Pennsylvania School Report Cards Show Little Progress

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The 2013-2014 School Performance Profiles in the state of Pennsylvania show little change from last year.

The report card offers each school a 1-100 rating based mostly on standardized tests, although graduation and attendance rates are also considered. Overall, 72% of schools in the state received a score of 70 or above.  The same percentage received this score last year.

However, a closer look reveals that more schools saw a decline in their score from last year, with 1,539 seeing a drop and only 1,405 increasing their score or remaining the same.

The Philadelphia school district saw 34 of 214 school make the cutoff of 70 or above.  According to Jura Chung of the District’s Office of Strategic Analytics, scores in the district ranged from 90.8 at Central to 13 at Philadelphia Virtual Academy.

Despite this, acting Education Secretary Carolyn Dumaresq said this year’s scores are satisfying, when all the changes that schools within the state needed to accommodate for revised academic standards and assessments are taken into account.

“I am pleased that our students and educators continue to meet the challenge of more rigorous academic programs, and I congratulate them for a job well done,” she stated in a news release.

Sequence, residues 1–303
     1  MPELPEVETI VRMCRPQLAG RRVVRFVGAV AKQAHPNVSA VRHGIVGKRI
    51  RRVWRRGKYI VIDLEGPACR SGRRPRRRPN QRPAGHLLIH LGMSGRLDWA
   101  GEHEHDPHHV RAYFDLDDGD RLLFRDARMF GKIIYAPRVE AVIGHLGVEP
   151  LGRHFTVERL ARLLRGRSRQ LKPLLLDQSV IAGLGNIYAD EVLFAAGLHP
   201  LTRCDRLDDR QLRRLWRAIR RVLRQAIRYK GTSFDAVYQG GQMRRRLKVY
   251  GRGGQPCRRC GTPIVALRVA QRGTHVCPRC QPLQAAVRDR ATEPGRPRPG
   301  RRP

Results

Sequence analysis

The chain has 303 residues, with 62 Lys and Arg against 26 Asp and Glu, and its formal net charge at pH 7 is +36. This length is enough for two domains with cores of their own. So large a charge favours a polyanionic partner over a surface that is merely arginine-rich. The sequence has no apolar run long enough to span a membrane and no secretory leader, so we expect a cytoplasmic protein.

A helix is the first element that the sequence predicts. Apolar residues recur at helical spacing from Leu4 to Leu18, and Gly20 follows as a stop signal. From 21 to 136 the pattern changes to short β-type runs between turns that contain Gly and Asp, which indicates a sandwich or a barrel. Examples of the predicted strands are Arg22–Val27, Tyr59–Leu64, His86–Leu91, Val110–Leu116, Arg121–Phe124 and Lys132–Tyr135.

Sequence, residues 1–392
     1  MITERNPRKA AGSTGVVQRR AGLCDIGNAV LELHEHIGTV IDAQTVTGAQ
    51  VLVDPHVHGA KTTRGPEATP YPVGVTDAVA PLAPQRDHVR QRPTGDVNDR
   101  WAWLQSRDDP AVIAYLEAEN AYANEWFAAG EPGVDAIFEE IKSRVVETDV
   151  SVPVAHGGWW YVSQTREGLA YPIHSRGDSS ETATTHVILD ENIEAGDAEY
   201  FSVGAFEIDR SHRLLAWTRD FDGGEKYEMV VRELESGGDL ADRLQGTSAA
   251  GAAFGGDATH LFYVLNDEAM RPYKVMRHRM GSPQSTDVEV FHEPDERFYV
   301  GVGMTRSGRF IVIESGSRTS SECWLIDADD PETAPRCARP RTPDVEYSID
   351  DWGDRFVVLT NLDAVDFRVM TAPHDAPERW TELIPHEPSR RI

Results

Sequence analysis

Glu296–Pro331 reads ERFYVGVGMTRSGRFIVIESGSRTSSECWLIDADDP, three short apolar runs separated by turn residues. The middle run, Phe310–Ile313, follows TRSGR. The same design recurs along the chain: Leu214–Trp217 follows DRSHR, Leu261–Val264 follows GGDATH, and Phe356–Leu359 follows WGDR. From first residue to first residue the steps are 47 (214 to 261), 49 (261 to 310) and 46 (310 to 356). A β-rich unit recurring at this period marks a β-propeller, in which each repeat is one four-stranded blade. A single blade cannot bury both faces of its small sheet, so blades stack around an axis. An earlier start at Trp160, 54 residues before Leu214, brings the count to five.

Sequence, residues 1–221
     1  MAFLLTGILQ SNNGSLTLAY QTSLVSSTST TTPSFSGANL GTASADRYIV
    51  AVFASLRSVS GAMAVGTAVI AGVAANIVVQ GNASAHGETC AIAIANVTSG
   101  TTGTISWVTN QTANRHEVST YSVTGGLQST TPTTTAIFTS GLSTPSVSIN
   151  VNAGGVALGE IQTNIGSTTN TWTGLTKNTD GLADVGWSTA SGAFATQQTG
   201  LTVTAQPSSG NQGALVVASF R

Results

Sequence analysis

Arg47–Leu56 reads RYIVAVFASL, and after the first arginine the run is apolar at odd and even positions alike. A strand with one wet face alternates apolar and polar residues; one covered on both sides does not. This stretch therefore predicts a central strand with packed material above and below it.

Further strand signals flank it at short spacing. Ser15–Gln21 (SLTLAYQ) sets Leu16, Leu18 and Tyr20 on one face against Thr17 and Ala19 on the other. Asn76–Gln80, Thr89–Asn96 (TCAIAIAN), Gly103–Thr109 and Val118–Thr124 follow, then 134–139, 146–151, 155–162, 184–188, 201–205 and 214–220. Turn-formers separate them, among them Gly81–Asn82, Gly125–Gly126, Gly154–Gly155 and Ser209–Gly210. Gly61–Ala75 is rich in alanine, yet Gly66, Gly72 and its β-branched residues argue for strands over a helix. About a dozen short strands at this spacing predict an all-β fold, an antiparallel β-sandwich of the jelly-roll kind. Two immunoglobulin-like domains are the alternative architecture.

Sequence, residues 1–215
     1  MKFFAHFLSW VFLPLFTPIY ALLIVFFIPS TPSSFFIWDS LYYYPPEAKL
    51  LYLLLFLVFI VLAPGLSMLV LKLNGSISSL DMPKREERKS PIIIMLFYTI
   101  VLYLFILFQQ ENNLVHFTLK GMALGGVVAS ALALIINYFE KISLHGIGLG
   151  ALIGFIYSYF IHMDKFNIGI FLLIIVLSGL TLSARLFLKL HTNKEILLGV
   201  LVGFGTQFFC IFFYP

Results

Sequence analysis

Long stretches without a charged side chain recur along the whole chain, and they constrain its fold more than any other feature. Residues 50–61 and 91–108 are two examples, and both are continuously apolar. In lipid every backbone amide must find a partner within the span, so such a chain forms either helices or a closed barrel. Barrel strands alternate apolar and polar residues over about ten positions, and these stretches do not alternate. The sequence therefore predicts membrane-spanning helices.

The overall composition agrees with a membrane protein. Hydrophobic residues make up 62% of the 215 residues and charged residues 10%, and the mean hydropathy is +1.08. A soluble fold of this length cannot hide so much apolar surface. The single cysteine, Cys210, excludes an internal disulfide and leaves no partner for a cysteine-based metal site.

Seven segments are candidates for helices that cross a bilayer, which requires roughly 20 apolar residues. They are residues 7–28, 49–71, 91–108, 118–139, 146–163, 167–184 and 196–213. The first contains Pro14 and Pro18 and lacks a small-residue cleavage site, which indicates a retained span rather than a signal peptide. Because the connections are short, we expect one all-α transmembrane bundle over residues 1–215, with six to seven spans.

State Education Department spokesman Tim Eller said that such a drop in scores is to be expected during a transition period where schools are trying to change their curriculum to meet new standards.  He also mentioned that the percentage of schools who scored below 60 dropped by 1% this year.

The profiles offer a range of information for parents and taxpayers to see how well local school are performing, as well as to see yearly trends.  The scores are also used to meet federal guidelines concerning school accountability, and for the first time this year, they will be used for teacher evaluations.

Senator Andy Dinniman expressed his disappointment in this year’s scores, stating they reflect a poor record on education.

“If the department is saying, well, it’s not unchanged. That’s not a viable argument. If the program is working, they should show us exactly example after example of improvement in the scores. Their answer should be much better,” he said.

While critics such as Dinniman suggest the delay in announcing the scores was due to the gubernatorial election, the Education Department said it was to offer schools the opportunity to verify the data so it could be used in the new state teacher evaluations.

“Accuracy was and remains the sole reason for why the department provided schools with additional time to review and verify their data,” Education Department spokeman Tim Eller said. “There are nearly 120,000 teachers across the commonwealth whose evaluations will be impacted by this year’s School Performance Profiles. Accuracy is of paramount importance to the department.”